Tinkers is a small book, flush with long sentences; a novel of spare
plot, but grand and intricate ideas. It deserved my full reading
attention, and as a result it served as a kind of antidote to the fast-paced
skimming sort of reading that I perform each day via the computer screen.
On the surface Tinkers, Paul Harding's first book, is the tale of an average man's final days. George Crosby, surrounded by loving family in the home that he built, is experiencing the last hours of life and memory as his body methodically fails him. The ministrations of George's relatives and wife fade from his consciousness as the hours pass and he is transported to places from his past as he re-lives vital pieces of his life, most often meditating on his stark and anxious childhood in West Cove, Maine. These childhood scenes focus sharply on George's stifled remembrances of his epileptic father, Harold, who disappeared from the family while George was still a youth. George's knowledge of his father is truncated, but the reader is privileged to be shown Harold's life beyond this departure and to discover that Harold and George are still connected, though not physically or even consciously, as father and son.
Being privy to the interior thoughts of both George and Harold made me feel intimately acquainted with them. I found myself reflecting on their lives and accomplishments as if they were real. Both men are prone to flights of fancy: Harold's are most vivid before a seizure and George's becoming stronger as he grows closer to death. Many of these fantastical musings are rooted in the natural world. The mysteries of nature seem to echo, or perhaps refocus, questions both men harbor about their fathers and the meaning of their brief lives.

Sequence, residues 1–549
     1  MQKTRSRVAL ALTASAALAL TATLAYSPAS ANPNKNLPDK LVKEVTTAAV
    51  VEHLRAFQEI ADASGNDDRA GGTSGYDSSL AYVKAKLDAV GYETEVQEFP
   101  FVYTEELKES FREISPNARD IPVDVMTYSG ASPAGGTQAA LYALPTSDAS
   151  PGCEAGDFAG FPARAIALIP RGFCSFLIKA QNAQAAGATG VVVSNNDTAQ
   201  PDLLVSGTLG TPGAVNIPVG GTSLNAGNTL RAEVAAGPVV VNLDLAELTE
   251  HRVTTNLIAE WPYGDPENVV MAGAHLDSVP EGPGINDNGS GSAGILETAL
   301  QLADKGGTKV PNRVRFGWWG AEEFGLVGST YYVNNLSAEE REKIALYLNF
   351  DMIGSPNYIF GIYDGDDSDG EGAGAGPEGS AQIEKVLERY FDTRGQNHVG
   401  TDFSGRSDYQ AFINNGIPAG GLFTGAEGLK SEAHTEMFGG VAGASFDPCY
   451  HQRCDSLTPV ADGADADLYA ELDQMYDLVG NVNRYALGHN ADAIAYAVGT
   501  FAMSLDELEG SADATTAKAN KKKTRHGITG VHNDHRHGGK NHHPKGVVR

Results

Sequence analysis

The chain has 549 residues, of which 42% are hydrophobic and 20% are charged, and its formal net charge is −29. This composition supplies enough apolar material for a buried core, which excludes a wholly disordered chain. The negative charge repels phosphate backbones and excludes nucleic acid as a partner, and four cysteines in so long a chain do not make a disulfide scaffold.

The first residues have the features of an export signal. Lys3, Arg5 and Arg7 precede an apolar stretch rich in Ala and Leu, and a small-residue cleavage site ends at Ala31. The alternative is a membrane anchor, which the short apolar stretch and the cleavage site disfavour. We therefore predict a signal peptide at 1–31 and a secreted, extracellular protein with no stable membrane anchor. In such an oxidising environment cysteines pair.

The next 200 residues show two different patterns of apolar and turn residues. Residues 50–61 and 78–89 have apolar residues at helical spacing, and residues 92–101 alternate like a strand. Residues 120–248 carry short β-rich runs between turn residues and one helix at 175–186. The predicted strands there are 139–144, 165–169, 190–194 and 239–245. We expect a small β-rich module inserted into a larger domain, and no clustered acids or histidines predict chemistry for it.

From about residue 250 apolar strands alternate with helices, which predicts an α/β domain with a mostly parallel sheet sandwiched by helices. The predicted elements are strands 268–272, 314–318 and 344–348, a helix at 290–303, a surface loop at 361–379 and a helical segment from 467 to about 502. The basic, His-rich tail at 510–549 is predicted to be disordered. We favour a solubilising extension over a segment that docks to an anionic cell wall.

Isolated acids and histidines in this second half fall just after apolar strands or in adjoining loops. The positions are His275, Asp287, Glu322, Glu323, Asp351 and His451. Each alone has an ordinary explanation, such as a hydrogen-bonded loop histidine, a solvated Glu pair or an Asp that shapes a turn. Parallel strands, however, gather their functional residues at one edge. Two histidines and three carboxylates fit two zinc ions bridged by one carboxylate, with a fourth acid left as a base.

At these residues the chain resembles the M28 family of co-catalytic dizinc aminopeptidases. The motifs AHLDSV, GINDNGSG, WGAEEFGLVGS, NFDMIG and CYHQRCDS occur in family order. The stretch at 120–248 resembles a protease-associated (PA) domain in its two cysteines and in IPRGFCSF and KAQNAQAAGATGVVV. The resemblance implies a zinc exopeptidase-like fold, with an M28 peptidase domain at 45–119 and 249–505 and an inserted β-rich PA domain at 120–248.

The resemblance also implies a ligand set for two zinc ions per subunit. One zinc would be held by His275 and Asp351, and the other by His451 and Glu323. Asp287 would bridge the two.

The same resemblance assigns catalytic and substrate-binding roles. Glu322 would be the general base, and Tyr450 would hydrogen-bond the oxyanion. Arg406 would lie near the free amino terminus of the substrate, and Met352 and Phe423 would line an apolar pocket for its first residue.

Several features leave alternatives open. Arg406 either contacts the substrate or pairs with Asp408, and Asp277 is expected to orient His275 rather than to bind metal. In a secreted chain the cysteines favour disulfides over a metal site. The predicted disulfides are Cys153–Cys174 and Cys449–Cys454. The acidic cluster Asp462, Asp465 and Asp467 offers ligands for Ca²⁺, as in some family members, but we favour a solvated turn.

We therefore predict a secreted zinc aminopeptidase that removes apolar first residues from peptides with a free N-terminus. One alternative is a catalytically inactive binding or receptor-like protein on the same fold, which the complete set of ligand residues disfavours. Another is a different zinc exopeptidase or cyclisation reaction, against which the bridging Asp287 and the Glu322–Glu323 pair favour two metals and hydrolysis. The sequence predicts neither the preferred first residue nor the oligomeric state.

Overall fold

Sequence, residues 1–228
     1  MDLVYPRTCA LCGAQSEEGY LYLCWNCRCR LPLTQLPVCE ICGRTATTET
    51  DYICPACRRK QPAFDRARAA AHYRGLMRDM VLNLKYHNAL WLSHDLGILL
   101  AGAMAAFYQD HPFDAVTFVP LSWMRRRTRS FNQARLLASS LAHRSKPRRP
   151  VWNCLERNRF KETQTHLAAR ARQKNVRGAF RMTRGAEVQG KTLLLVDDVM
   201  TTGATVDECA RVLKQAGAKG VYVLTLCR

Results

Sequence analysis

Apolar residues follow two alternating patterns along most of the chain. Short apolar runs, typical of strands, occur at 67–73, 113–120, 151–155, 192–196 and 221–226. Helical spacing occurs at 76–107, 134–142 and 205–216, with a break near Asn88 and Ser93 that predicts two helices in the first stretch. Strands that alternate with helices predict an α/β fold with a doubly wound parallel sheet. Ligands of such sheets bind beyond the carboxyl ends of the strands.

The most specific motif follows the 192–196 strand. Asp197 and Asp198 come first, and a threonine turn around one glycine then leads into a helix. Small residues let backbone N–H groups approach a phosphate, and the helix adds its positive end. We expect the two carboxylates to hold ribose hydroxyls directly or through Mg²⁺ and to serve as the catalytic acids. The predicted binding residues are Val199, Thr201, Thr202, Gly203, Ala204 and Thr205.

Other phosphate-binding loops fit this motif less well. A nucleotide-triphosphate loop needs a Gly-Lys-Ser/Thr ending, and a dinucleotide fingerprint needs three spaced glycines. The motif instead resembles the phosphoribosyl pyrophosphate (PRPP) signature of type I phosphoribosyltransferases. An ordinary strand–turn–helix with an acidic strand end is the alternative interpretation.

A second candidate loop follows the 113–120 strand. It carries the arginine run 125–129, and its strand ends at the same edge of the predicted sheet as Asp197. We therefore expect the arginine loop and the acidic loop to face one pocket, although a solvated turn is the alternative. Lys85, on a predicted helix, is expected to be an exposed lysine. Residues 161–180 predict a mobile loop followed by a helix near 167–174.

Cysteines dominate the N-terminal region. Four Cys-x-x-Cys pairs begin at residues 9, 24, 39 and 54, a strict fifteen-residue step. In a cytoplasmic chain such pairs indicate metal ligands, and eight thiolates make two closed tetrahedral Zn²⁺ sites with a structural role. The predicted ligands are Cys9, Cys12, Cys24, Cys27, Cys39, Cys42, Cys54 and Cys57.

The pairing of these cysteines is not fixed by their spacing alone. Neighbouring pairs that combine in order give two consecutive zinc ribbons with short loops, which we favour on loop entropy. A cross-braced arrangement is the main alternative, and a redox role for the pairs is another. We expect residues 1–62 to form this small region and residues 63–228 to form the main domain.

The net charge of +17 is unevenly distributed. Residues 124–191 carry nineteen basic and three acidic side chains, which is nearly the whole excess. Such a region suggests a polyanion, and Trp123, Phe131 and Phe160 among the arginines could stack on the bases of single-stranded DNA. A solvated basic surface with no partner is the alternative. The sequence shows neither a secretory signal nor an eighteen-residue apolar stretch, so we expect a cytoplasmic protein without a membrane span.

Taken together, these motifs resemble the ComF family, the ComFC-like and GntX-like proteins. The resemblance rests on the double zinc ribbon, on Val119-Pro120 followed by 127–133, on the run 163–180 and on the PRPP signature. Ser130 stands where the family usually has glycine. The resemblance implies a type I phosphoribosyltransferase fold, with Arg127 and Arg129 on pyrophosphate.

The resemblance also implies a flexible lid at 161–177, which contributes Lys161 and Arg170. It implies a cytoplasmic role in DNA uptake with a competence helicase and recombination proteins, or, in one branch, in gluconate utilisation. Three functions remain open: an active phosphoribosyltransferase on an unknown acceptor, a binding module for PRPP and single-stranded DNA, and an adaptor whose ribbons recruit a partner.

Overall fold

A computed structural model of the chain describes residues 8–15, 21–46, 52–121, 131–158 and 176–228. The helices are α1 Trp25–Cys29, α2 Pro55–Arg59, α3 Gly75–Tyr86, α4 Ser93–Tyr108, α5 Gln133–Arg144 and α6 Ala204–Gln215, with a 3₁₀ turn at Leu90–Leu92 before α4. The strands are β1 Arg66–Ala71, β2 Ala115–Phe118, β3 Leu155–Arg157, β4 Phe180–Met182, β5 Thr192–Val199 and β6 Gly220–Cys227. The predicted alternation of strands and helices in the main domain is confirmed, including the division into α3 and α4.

The author's fondness for paragraph-long sentences and stretched-out streams of interconnected, yet separate, observations demand concentrated periods of reading. The compact subject matter also encourages extended reading sessions: if I tried to read a few pages of Tinkers between other activities, I found that the journey on which I was accompanying George was fragmented and the narrative's mood and momentum were broken. As I slowed my racing mind, the juxtaposition of utter realism and surreal imaginations worked beautifully together, creating a remarkable, unified story.
Tinkers is a skillfully written novel. It succeeds in demonstrating that our daily, microcosmic lives contain vastness and fantasy. This book offers its reader a meditation on the private geography of the mind and, through Harding's characters, a glimpse of our own efforts to piece together the broken and mismatched elements of human relationships and existence.
This review was originally published in January 2009, and has been updated for the January 2009 paperback release. Click here to go to this issue.
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